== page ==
Screened Out – Margarita, with a Straw

[four-star-rating]Kalki Koechlin, Revathy, Kuljeet Singh, William Moseley, Sayani Gupta[/four-star-rating]

Margarita, with a Straw shows in both Orlando and Tampa Bay within the next month. This sensible little drama starts a limited engagement this Sept. 11 at Maitland’s Enzian Theater. The film was also selected as part of the TampaBay International Gay and Lesbian Film Festival starting Oct. 2.

Roger Ebert once called movies “instant empathy machines.” This film – about an Indian college student (Koechlin) coming to grips with her bisexuality – is a perfect example. As if the sexual politics and international flavor weren’t enough, Koechlin’s character has cerebral palsy.

Yet this is the most matter-of-fact, least maudlin film about a woman with disability. There is no hand wringing, no sense of teaching the audience a lesson. The fact that her parents (Revathy, Singh) have to take care of her is added tension to this sweet, cross-continental coming out tale.

Laila (Koechlin) is a gregarious Delhi college student studying writing and participating in typical campus activities. She’s smart and sassy, giving great rebel attitude while participating in a rock songwriting contest. Though her cerebral palsy affects her speech, she is only mobile with a wheelchair, and she has to live with her parents, her indomitable spirit attracts some admirers.

Shonali Bose - who cowrote and co-directed - is still doing solid work; actor Kalki Koechlin is amazing!
Shonali Bose – who cowrote and co-directed – is still doing solid work; actor Kalki Koechlin is amazing!

Of course, we often start our romantic history by falling for the wrong person, letting our hormones rule us. Laila is no exception.

The good news is that Laila has been offered a scholarship to study in Manhattan. Knowing she cannot accept without her mother (Revathy) moving with her, Laila has been dragging out her decision. The embarrassment of her first romance pushes Laila to accept. In the Big Apple, Laila attracts both and English student (William Moseley of The Chronicles of Narnia) and a Pakastani/Indian woman, a blind activist played by Gupta.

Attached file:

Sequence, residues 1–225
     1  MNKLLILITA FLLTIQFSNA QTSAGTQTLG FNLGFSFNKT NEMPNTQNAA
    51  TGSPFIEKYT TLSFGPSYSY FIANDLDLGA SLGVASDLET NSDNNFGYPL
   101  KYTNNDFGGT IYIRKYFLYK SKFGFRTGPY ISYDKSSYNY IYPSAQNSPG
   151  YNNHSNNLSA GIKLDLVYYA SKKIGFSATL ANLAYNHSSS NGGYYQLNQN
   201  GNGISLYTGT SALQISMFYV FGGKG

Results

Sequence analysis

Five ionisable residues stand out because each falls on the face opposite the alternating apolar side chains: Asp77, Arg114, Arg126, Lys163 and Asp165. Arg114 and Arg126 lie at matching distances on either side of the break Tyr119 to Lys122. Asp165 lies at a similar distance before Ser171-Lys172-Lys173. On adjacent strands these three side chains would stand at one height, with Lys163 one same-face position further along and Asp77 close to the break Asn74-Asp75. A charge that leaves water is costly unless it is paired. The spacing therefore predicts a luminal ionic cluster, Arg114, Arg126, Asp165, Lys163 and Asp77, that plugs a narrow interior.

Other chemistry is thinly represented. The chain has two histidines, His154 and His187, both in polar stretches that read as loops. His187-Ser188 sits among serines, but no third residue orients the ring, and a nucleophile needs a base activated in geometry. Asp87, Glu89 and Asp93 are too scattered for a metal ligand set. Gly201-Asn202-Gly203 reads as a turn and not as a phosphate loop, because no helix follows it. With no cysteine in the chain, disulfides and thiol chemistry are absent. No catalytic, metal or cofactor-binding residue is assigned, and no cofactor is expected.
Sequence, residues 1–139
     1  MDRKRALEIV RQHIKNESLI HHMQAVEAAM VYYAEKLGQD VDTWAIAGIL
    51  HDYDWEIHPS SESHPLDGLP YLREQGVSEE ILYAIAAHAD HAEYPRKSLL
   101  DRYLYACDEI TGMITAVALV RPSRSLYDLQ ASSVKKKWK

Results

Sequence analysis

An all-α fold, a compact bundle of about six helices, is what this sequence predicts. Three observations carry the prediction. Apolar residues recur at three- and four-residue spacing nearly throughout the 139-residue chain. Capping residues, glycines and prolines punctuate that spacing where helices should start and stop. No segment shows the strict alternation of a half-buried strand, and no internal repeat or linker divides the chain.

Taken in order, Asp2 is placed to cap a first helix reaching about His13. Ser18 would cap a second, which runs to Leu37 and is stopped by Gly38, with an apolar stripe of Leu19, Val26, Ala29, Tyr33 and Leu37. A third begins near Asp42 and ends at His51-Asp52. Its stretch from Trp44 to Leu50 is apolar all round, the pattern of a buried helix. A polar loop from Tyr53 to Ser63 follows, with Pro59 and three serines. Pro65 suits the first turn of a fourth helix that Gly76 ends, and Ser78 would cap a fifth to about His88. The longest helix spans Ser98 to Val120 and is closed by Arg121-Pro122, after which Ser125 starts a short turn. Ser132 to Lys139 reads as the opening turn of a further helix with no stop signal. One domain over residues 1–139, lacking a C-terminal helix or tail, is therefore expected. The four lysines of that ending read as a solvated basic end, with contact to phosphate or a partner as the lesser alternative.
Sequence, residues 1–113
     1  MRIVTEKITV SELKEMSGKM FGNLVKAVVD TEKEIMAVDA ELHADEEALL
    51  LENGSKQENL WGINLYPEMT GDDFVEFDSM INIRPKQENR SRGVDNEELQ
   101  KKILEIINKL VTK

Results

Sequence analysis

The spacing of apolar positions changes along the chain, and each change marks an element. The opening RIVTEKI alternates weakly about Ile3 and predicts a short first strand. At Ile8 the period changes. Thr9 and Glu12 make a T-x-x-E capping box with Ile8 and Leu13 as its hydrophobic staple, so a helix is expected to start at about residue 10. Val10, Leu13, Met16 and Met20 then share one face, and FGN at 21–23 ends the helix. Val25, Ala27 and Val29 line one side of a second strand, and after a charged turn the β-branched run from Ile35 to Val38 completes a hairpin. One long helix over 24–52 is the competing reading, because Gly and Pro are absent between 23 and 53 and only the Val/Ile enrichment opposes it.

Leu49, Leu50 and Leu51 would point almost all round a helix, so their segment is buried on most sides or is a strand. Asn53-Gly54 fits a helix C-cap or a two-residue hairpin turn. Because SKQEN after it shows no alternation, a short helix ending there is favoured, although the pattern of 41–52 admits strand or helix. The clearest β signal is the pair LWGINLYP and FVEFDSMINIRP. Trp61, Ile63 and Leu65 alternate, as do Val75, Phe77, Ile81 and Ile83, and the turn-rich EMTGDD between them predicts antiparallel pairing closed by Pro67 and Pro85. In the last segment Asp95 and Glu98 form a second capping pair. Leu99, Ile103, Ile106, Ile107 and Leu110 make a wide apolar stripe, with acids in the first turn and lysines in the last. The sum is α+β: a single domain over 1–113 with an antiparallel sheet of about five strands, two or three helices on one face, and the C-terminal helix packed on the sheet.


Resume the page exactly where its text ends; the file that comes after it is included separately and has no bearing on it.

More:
Isn’t it funny how we cannot simply run away from our problems? In Delhi or New York City, Laila has to face her sexuality, as well as her physical need for sex.

Koechlin carefully plays Laila – both her vivacious personality and her disability – with such subtle skill. It’s the level of performance that won Eddie Redmayne an Oscar this last year for The Theory of Everything. Koechlin has been garnering awards on the international film circuit. Those unfamiliar with her might assume the filmmakers found a woman with cerebral palsy to portray Laila.

The heightened complication is that Laila cannot live without her parents’ help and support. Dad Singh drives his daughter around Delhi. After encouraging Laila to take the scholarship, Laila’s sweet but naïve mother (Revathy) has to move with her. Coming out – or being cool in the Big Apple – is more difficult when Mom has to bathe you and put you to bed.

Typical of many Indian dramas, there is melodrama toward the end, making the primary struggle a little too easy to resolve. Director/co-writer Shonali Bose – whose other film Amu (2005) succumbed to histrionics – wrote Margarita with a little less artifice, but it’s still there.

Two things make Margarita so wonderful – so magnetic and empathy inducing: the overall tone and the wonderful cast, led by the charming, appealing Koechlin.


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